- Experience in spelling words is nearly obsolete in the world of “spell-checkers”
- Experience in designing typewriters might have no applicability in the computer age
- Experience designing a 486 computer chip might have zero transferability in the design of a Pentium II because the technology has changed so much in 3 years
- Experience doing 1040 tax forms for an accountant might now have zero value when all returns are calculated by a tax software package
- A car designer with 20 years in car design might find their skills useless in the days of CAD software.
What does it all mean to recruiters?Simply put it means that we can no longer rely on the old adage that “more experience is better” in an applicant. As products and processes change at Internet speed, “the old way” loses value so fast that things done as little as 6 months ago can easily become “history” with no direct value. As a recruiter you need to realize that candidates with 10 years of experience in a brand new field, such as web design, do not exist (because the field is so young). Even experiences these same candidates had 2 years ago using antiquated tools, materials, and processes may now have zero applicability in the world of work! The declining value of experience is even more pronounced in the IT world. Knowing Windows 95 or Lotus 123 may totally lose all value in as little as 3 years. If you own a new Apple computer you already know that the floppy disc is a dinosaur and even the fax machine is becoming extinct. In the field of recruiting itself, some “experience” that may soon have a marginal value might include:
- Placing newspaper ads in newspapers
- Writing recruiting brochures
- Sitting at a booth at a job fair
- Reading resumes to determine the number of years of experience
You can’t have experience in the future: If your world is changing rapidly (whose isn’t) what people can do in the next few months or year is more important than what they did last year. Asking them how they can/would handle future problems might be a better exercise than counting the years on a resume!Reducing the years of experience increases the candidate pool! If you cut out the “ancient history” experience (over 5 years old) you will find that you get a much larger applicant pool without sacrificing any skills or useful knowledge.Substitute the “level of difficulty” of the problems they can solve for the # of years of experience: I have 20 years of experience playing basketball but a Michael Jordan in high school could probably beat me with 1 year of experience. If you identified the level of competencies/skills you needed (dunking, dribbling with both hands, and blocking shots) and then assessed them in a game, you would quickly find that relying on the number of years of experience can be a serious mistake. Initial Steps To Take:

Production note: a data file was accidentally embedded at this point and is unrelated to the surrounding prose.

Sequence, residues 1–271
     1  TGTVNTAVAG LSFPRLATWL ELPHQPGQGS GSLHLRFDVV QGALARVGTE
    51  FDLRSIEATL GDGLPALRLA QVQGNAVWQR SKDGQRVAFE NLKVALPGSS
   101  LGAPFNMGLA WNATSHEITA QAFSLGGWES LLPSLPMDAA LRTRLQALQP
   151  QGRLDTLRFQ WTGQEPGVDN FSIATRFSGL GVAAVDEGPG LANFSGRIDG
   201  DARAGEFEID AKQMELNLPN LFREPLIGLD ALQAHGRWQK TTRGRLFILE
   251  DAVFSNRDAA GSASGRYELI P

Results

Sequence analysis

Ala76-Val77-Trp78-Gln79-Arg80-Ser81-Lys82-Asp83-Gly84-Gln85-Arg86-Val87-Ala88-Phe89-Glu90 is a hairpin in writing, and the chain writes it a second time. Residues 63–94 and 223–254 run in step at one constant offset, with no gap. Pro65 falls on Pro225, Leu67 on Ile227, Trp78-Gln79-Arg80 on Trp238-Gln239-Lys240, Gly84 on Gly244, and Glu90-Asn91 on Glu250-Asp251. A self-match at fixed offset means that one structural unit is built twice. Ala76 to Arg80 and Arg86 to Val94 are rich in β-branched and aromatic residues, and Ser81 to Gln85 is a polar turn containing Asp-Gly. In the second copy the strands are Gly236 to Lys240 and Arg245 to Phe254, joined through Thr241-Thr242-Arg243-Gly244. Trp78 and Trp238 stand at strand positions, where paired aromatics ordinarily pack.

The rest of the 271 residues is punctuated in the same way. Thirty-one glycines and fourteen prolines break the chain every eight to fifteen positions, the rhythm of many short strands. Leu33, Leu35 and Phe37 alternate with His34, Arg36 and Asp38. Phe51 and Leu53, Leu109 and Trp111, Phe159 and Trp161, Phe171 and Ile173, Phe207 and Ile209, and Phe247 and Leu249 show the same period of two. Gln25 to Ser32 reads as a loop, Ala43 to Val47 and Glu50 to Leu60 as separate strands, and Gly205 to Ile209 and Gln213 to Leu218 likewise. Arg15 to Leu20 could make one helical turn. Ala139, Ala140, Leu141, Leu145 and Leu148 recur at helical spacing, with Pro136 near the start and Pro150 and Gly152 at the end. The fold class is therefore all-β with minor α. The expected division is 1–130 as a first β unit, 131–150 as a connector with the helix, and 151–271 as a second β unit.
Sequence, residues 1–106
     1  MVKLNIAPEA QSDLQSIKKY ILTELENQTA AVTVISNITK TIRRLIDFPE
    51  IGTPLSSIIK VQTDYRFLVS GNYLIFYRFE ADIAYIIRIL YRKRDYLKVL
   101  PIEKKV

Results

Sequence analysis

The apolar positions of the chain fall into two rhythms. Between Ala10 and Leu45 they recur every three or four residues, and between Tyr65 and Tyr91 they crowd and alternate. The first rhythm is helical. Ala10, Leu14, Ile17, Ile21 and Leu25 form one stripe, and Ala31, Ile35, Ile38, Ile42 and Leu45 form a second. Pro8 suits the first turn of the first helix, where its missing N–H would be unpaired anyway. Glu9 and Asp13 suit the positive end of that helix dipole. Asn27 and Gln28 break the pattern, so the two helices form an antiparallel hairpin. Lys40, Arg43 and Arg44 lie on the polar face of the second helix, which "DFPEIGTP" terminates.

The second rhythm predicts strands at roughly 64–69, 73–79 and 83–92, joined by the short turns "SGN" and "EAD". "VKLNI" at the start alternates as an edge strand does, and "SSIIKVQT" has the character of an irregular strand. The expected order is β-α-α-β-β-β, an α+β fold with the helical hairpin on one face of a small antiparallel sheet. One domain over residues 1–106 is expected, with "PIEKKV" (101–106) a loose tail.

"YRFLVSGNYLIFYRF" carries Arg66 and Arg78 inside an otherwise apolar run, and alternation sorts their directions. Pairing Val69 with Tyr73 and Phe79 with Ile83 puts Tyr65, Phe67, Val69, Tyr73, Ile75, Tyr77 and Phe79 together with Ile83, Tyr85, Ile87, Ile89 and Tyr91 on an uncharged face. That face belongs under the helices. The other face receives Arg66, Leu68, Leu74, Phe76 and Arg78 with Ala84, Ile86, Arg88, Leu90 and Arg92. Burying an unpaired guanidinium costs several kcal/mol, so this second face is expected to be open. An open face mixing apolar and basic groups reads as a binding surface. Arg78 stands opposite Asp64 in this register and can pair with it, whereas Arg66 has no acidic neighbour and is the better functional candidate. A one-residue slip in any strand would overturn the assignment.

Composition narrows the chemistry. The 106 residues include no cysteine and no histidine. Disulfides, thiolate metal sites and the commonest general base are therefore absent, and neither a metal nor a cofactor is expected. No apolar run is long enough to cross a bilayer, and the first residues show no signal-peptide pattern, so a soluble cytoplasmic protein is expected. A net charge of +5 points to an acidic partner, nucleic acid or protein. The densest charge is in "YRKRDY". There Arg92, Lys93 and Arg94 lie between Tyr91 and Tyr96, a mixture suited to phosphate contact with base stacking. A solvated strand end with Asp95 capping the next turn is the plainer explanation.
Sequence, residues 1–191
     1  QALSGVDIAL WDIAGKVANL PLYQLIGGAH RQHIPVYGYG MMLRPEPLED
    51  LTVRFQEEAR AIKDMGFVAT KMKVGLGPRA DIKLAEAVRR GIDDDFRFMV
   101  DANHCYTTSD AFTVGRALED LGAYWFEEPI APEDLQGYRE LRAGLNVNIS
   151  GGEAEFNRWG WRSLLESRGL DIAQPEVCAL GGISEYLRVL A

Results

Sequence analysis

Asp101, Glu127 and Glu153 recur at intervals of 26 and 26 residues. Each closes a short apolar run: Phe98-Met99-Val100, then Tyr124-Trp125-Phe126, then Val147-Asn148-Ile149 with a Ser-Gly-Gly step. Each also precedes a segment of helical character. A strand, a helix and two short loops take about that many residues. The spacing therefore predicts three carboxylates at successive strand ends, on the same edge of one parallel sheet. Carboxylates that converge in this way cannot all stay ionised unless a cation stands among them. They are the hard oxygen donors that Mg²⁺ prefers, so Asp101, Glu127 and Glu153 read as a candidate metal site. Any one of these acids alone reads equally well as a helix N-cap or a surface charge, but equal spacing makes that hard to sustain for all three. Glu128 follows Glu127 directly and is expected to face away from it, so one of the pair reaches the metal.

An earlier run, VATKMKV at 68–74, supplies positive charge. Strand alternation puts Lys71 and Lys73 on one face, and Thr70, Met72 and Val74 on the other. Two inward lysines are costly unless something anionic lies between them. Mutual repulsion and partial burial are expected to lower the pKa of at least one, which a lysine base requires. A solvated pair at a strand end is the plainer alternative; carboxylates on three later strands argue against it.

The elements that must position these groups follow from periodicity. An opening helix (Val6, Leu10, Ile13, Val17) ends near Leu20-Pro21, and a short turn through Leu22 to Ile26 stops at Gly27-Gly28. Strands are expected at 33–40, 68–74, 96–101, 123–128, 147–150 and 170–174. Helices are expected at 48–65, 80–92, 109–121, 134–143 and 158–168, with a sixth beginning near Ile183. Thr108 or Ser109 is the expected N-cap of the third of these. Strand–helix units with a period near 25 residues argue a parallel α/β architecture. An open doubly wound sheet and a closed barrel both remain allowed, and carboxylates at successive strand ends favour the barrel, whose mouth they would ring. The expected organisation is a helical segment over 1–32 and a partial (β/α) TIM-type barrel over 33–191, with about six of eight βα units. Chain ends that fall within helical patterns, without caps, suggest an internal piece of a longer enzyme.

- Reduce (or eliminate) the number of years requirements in your ads and replace them with “the demonstrated ability to solve problems with our required level of difficulty
- Use simulations and ask candidates to solve your actual problems in order to assess an applicants ability directly rather than indirectly through their years of experience
- Develop “future oriented” interview questions to assess a candidates ability to forecast and solve our “coming” problems
- Train and educate managers to put less weight on experience during interviews and more on the candidates ability to solve the actual problems they will encounter in this job
- Train and educate recruiters to put less weight on experience during resume screening and more on the candidates results and accomplishments related to the actual problems they will encounter in this job